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Banning kids improves Sushi restaurant sales

no kids allowed

Banning kids in a restaurant seems controversial, yet, sales prove otherwise. Perhaps it isn’t as monstrous of an idea as some have made it out to be.

banning kids

Banning kids from a restaurant improves sales. What?

When deciding to go out to eat, atmosphere can play a big role in the decision making process. “The Sushi Place” in Alexandria, Virginia caters to a laid-back adult meal by not allowing patrons under the age of 18 to dine in their establishment.

According to WUSA9, a week after their initial opening, the owners say that the policy has been quite successful. Bill Blackburn, co-owner of the restaurant, said, “We, by no means, hate children or think they don’t belong in restaurants. They just don’t belong in this particular one.”

The start of this policy is based on the idea of wanting to give adults a dining establishment free of the stresses that come along with being around children. The restaurant has been full every night of the week since the opening, proving that customers appreciate the policy.

Endorsing the concept

Although many on the web have demonized the establishment for their policy, as a mother of two children, I wholeheartedly endorse this idea. There is nothing worse than getting a sitter and going to a nice restaurant, only to be interrupted by other people’s children. I love children, don’t get me wrong, but any parent knows that we need adult time-outs. And if it takes a sign on the door to get that, so be it.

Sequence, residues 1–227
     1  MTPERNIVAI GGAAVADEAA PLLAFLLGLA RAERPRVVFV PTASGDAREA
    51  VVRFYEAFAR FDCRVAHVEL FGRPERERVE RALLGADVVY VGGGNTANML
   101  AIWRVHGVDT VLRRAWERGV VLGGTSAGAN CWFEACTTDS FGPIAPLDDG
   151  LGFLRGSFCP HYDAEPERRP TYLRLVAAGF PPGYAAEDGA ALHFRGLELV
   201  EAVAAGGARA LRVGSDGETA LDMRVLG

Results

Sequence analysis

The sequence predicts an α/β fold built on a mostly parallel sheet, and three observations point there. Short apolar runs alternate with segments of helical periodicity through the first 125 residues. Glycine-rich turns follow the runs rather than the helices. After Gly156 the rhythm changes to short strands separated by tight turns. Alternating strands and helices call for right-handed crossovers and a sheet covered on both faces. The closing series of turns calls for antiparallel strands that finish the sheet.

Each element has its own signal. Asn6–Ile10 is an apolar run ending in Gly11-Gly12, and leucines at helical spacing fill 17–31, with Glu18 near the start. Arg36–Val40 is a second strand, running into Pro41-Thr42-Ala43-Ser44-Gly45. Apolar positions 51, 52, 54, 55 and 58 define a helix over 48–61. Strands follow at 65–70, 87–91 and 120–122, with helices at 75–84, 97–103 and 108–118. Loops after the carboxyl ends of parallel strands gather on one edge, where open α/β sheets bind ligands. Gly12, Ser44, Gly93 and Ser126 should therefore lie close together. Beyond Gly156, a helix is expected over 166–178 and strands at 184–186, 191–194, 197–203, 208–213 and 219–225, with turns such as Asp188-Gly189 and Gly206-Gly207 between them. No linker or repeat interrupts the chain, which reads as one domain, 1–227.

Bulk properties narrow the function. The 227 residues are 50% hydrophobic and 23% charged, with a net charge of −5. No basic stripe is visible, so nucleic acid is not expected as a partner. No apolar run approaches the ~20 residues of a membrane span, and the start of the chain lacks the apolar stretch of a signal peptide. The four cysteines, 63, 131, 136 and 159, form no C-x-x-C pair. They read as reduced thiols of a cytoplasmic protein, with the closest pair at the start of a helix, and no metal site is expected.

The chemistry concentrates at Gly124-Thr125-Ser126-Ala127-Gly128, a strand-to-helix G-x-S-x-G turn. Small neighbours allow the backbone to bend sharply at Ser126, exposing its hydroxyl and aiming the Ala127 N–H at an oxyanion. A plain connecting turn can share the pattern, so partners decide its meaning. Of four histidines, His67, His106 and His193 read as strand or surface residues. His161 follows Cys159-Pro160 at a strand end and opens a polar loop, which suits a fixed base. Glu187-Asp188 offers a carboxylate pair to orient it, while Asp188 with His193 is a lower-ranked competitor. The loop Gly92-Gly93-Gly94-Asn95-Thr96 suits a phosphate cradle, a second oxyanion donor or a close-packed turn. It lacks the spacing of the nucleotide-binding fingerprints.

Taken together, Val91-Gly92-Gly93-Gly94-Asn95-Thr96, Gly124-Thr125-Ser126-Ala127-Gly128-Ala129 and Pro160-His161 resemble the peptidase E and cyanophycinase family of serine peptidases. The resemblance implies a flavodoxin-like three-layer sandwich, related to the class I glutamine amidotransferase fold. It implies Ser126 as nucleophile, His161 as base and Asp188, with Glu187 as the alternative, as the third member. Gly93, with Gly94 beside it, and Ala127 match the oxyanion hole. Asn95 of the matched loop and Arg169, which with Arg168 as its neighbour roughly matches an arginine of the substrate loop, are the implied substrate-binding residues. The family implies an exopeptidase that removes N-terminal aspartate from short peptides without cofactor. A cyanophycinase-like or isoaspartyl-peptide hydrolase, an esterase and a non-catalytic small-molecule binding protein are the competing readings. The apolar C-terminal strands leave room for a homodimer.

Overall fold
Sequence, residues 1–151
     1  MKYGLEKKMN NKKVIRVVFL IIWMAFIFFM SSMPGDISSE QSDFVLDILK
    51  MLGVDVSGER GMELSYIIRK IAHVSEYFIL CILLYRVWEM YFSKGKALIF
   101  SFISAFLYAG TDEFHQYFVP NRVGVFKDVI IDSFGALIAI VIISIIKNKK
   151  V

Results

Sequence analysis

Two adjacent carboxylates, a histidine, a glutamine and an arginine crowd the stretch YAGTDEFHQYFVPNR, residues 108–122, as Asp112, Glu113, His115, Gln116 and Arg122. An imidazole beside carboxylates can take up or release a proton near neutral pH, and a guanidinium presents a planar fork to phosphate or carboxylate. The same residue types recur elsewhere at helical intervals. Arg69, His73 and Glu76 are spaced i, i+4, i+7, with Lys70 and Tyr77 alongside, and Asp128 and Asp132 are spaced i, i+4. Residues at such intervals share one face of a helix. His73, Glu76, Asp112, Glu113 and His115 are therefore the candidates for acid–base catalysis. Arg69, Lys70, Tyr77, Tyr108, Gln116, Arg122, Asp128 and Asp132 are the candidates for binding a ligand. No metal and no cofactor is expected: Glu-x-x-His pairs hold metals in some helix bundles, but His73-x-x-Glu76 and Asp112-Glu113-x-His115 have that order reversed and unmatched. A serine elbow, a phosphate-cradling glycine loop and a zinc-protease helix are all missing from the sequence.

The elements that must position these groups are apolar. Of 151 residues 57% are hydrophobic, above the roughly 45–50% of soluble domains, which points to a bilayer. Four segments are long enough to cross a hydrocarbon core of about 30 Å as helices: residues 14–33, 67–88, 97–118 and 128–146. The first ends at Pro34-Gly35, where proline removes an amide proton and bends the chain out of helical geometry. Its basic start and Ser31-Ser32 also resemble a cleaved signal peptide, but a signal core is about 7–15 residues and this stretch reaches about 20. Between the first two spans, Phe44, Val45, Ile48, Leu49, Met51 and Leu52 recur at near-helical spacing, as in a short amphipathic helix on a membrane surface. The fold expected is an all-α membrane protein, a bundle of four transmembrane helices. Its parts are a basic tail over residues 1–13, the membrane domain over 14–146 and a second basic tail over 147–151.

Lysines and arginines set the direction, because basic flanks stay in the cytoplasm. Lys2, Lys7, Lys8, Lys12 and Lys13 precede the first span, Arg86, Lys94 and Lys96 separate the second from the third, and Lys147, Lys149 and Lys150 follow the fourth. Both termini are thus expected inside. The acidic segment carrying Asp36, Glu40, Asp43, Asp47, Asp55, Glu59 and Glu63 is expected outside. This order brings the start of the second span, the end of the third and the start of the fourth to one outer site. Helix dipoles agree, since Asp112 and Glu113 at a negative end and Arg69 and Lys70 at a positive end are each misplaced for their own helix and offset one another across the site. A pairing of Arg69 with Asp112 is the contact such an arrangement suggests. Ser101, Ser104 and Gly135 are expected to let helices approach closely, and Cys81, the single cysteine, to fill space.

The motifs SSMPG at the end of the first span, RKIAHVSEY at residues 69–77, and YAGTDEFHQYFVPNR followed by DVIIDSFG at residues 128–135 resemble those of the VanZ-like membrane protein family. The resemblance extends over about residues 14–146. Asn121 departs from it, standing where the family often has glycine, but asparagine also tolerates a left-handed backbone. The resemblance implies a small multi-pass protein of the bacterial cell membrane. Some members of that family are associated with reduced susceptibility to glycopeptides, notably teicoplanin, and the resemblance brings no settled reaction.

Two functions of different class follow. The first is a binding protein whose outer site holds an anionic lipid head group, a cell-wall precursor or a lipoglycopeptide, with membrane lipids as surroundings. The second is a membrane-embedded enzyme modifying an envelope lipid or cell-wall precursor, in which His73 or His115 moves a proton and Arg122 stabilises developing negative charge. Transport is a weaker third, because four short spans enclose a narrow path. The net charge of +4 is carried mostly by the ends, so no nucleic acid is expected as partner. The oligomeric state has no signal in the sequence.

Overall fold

I can see how customers may be offended, citing age discrimination, but honestly, it doesn’t matter. The proof is in the pudding, and they’re reporting a full house every night of the week. Parents know what they need, and a restaurant with that is banning kids just may be the excuse they can use to get away.

This is smart marketing, for sure. To announce a controversial policy weeks before the grand opening really gets the fire going about the new endeavor. Ingenious. This allows the shock and awe factor to really speak for itself while exposing just what it is (behind the policy) that the restaurant has to offer. It’s a risk, but what new business venture isn’t?

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